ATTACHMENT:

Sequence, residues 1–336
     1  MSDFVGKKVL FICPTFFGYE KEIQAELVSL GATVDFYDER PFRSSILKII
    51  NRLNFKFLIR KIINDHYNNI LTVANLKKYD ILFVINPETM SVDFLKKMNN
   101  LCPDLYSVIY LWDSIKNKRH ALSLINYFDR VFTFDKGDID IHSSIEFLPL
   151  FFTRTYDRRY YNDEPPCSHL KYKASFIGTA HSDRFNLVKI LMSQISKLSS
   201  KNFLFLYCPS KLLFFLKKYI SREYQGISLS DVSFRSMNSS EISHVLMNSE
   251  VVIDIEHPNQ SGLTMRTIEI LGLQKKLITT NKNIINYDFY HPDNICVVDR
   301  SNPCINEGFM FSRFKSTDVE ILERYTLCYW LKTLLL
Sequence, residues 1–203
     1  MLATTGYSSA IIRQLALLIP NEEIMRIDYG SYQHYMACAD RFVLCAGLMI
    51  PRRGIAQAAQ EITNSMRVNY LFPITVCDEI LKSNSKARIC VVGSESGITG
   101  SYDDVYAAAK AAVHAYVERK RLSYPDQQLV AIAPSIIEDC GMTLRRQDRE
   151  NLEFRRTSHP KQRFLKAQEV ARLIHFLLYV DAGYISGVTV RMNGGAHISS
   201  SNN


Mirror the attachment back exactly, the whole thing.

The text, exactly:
Sequence, residues 1–336
     1  MSDFVGKKVL FICPTFFGYE KEIQAELVSL GATVDFYDER PFRSSILKII
    51  NRLNFKFLIR KIINDHYNNI LTVANLKKYD ILFVINPETM SVDFLKKMNN
   101  LCPDLYSVIY LWDSIKNKRH ALSLINYFDR VFTFDKGDID IHSSIEFLPL
   151  FFTRTYDRRY YNDEPPCSHL KYKASFIGTA HSDRFNLVKI LMSQISKLSS
   201  KNFLFLYCPS KLLFFLKKYI SREYQGISLS DVSFRSMNSS EISHVLMNSE
   251  VVIDIEHPNQ SGLTMRTIEI LGLQKKLITT NKNIINYDFY HPDNICVVDR
   301  SNPCINEGFM FSRFKSTDVE ILERYTLCYW LKTLLL
Sequence, residues 1–203
     1  MLATTGYSSA IIRQLALLIP NEEIMRIDYG SYQHYMACAD RFVLCAGLMI
    51  PRRGIAQAAQ EITNSMRVNY LFPITVCDEI LKSNSKARIC VVGSESGITG
   101  SYDDVYAAAK AAVHAYVERK RLSYPDQQLV AIAPSIIEDC GMTLRRQDRE
   151  NLEFRRTSHP KQRFLKAQEV ARLIHFLLYV DAGYISGVTV RMNGGAHISS
   201  SNN